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€3000 fine for selling counterfeit goods in Monaco

Les ruelles de Monaco-ville © Monaco Tribune

A shopkeeper was given a fine of €3,000 and his company received a suspended €15,000 fine for selling counterfeit Monaco and Monte-Carlo brand products.

The verdict, pronounced on May 28, concerned a case that is more commonplace than you might think. It all started with complaints from rival retailers. They reported sales of clothing and accessories under the Monaco brand, without the retailer paying any royalties to Monaco Brands, the company responsible for protecting the Monaco and Monte-Carlo brands against counterfeit goods.


In November 2021, customs officials visited one of the defendant’s shops and discovered 435 items bearing the Monaco/ Monte-Carlo brands. However, the trader had no licence to sell them and did not pay a percentage of his profits to Monaco Brands.

“I didn’t know a fee had to be paid,” said the defendant, claiming to have bought the products at a stock clearance in Spain and printed them himself in Menton. However Monaco Brands, through its lawyer, insists that it sent a letter of information to all retailers.

The store owner, who owns a second one in rue Grimaldi,  explained that he never received a letter: “I’m acting in good faith,” claims the accused, “as soon as I knew I wasn’t allowed to do so, I stopped.”  He explains that he has been in compliance and has only used approved suppliers since.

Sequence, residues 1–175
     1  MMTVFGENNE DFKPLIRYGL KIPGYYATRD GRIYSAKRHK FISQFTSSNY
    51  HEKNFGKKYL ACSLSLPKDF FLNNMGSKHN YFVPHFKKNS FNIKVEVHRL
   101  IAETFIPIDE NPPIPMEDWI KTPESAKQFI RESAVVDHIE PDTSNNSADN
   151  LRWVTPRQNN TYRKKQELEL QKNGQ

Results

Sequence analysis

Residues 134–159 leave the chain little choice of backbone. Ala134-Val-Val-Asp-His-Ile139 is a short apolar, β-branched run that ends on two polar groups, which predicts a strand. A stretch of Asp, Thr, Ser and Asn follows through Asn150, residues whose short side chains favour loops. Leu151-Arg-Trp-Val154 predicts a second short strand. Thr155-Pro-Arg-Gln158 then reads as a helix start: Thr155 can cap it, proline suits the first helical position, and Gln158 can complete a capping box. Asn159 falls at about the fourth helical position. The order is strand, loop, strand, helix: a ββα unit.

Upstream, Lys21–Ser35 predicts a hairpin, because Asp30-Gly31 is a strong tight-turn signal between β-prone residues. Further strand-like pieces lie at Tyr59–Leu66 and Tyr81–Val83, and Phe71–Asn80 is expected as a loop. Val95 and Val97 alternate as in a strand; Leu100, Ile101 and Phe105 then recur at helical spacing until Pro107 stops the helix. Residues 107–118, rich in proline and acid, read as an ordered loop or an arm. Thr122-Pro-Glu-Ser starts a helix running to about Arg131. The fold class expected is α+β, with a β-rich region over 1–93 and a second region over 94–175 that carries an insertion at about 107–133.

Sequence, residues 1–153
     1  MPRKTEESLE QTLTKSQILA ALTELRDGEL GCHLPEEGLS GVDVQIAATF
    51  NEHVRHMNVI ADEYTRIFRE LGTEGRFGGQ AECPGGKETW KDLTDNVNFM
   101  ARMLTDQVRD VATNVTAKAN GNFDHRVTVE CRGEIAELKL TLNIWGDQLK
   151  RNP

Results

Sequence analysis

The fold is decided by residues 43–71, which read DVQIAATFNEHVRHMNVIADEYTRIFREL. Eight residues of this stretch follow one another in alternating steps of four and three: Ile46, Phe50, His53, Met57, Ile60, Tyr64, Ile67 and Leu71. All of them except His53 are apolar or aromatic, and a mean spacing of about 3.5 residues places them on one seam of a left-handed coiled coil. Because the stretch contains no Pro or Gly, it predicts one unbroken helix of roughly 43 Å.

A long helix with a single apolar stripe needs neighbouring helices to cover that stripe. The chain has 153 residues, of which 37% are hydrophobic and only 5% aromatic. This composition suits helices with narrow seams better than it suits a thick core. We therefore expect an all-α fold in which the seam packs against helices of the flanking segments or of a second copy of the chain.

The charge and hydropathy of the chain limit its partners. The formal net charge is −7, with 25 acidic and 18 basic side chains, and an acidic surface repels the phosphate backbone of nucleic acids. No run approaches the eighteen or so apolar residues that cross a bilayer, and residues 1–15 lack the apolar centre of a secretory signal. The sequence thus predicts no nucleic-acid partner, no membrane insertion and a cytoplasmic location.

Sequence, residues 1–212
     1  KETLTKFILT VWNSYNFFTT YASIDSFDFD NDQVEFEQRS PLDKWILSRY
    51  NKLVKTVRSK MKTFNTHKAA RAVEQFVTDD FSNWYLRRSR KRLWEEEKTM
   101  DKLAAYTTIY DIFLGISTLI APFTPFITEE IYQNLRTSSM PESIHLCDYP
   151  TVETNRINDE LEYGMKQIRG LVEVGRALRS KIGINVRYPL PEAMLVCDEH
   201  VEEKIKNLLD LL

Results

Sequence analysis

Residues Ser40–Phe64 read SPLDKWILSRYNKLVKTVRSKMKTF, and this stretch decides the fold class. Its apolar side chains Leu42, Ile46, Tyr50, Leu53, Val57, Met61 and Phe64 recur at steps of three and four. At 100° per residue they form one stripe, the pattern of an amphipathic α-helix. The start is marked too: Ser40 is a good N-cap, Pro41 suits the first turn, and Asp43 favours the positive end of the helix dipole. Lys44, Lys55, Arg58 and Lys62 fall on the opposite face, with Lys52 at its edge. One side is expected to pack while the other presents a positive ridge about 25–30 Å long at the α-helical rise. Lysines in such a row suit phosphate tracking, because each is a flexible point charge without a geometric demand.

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Unsuccessful out-of-court negotiations

Monaco Brands and the retailer tried to reach an amicable settlement, but discussions fell through. The Monegasque company is demanding €50,000, a sum that the defendant and his company claim to be unable to pay, given the impact of the health crisis.

The defendant attempted to cooperate and provided, as requested, all his companies’ accounts, which were deemed “imperfect” by Maitre Bergonzi, Monaco Brands’ lawyer. He added during his closing arguments that “the gentleman declares what he feels like declaring. We don’t understand his figures.”

Maitre Ballerio, representing the defendant and his company, pointed out that the printed t-shirts represented only one percent of the store’s stock, “435 out of 40,000 items.” He asked the court for leniency, recalling a similar case in 2019 in which the court “had only handed down a suspended fine.” 

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Acquitted for accessories, guilty for clothes

Unfortunately for the defendant, he did receive a fine. The accused was acquitted for the sale and manufacture of accessories in the Principality’s colours, due to lack of evidence. During their search, the customs officials had only found clothes printed with Monaco logos, but no accessories.

However, he was found guilty regarding the clothing and received a personal fine of €3,000 and a suspended €15,000 fine for his company.

This is not the final chapter in the story. On July 12, the court will have to rule on the civil case and the amount that the company will have to pay to Monaco Brands for damages.